Since starting this blog, I have written to my Dad, to my son, but not to you. So here it is my girl, my letter to you. You came and changed everything; you are my world and the world is a better place with you in it.You turn four at the end of October. Four years ago, I was writing and preparing my CV to send to a private school near where we live; I have never particularly wanted to work in a private school, but the opportunity arose and with the school being a stone’s throw away from our house, I had to apply. So I did. Out of twenty five applicants, I made the short list and out of five interviewees, I was offered the job on a sunny Friday afternoon in March. I accepted the job on the Saturday, but something just didn’t feel right. I told your dad that I thought I was pregnant and he laughed at me and told me that it wouldn’t happen so quickly and easily. But I just knew. I recall sneaking off into town before the shops opened on a Sunday; I stole into Boots unseen and purchased my first ever pregnancy test. Upon returning to the car, a song came on the radio and it was Willie Nelson’s version of ‘You were always on my mind’, a song we played at my Dad’s funeral. A song that he used to joke about with my Mum. He made her promise that we would play it at his funeral and we did. We just didn’t go with the Elvis version he suggested. As the song played, my eyes filled and I just knew. I knew I had just wasted £17 on a Clear Blue pregnancy test because the song confirmed what I had been feeling all along.
I returned home, did the test in secret, waited a few minutes and went downstairs to tell your Dad the news. We were very happy and in shock, however, I knew that I would have to turn down the the teaching job. After finally convincing your Dad that I was pregnant, I drove over to my mum’s house. Upon opening the door to me, I presented her with the pregnancy test and subsequently burst into tears. Not because I didn’t want you (we all wanted you so much), but because I didn’t know what to do about my new job offer and because I knew that she too would cry when I told her about my morning sitting in the car park in Tesco’s Pontefract listening to Willie Nelson confirm that I was pregnant and that maybe, just maybe, my dad was up there smiling at the thought that his only daughter was going to become a mother.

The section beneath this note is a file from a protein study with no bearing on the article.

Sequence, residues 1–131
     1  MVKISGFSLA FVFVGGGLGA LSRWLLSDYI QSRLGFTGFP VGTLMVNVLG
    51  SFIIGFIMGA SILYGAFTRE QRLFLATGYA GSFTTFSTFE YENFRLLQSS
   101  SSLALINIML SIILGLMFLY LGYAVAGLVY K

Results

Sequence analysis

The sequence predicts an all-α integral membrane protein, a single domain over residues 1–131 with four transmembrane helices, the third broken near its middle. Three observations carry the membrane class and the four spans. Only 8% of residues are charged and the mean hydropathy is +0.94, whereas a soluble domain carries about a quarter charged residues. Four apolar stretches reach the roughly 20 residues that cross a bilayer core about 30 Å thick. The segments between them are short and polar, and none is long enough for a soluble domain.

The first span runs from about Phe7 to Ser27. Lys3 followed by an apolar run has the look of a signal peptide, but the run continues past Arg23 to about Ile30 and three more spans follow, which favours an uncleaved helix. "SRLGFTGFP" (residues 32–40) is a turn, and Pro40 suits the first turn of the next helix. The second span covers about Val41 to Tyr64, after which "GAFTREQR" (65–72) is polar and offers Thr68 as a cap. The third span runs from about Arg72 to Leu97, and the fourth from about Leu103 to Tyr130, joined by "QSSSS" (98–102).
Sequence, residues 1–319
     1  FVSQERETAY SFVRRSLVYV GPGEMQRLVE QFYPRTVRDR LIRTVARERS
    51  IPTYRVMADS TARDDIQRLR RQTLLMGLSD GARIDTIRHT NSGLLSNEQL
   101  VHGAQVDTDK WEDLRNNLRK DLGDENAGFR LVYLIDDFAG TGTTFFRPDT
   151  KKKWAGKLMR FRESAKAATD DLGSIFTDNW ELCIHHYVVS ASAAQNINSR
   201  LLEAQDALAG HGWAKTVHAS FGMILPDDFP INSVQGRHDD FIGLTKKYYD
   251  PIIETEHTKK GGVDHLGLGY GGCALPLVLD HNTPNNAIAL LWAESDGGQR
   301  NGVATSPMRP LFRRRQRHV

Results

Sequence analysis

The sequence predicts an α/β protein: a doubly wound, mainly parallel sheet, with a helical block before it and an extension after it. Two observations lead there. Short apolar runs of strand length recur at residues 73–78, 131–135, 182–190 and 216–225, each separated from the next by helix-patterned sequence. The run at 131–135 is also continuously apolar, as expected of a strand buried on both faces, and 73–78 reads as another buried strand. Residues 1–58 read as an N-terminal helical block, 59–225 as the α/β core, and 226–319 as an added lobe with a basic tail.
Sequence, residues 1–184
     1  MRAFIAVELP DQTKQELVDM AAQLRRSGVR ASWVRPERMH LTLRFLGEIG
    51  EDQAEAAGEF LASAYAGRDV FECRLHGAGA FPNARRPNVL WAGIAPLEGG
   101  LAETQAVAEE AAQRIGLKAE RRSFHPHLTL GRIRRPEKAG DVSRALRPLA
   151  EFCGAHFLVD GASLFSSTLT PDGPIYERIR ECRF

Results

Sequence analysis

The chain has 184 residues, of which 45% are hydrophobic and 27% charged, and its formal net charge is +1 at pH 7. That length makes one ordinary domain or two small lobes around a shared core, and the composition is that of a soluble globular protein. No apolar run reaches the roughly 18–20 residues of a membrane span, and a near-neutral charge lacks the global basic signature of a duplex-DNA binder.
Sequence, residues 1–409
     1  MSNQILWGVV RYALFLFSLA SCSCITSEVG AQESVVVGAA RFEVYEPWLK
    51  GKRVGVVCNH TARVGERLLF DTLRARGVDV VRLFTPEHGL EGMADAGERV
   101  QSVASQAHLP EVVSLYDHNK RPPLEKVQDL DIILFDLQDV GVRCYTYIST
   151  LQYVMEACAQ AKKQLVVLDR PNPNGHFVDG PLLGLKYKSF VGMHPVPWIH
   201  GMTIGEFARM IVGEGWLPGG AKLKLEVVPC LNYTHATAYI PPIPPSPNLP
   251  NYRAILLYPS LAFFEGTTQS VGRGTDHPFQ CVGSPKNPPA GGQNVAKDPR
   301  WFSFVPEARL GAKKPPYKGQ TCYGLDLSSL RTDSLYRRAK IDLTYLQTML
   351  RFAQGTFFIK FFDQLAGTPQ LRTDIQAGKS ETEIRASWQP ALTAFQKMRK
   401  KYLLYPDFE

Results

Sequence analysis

A few weeks prior to this, or perhaps a few months, my Mum called me late one evening upset. You’ll soon learn that when you see or hear your mum crying, then your whole world falls apart. If parents can cry and show weakness, then who the hell can look after you? She was crying because it had all finally got a little bit too much for her; she had nursed my dad through his illness, she was the primary carer for her mum who had just moved into a home and was suffering from dementia and she had just become the primary carer for my dad’s mum who, at 90 years old, was fiercely independent, but refused to admit that she too, like my other Grandma, was ill and needed help. She called and asked me to go stay over at her house because she had finally been to see a grievance councillor who had told her not to be alone. Not because she might do something drastic, but because she needed to not feel lonely. A few weeks later, I literally shoved a pregnancy test in her face and your existence taped our heartbroken little family up.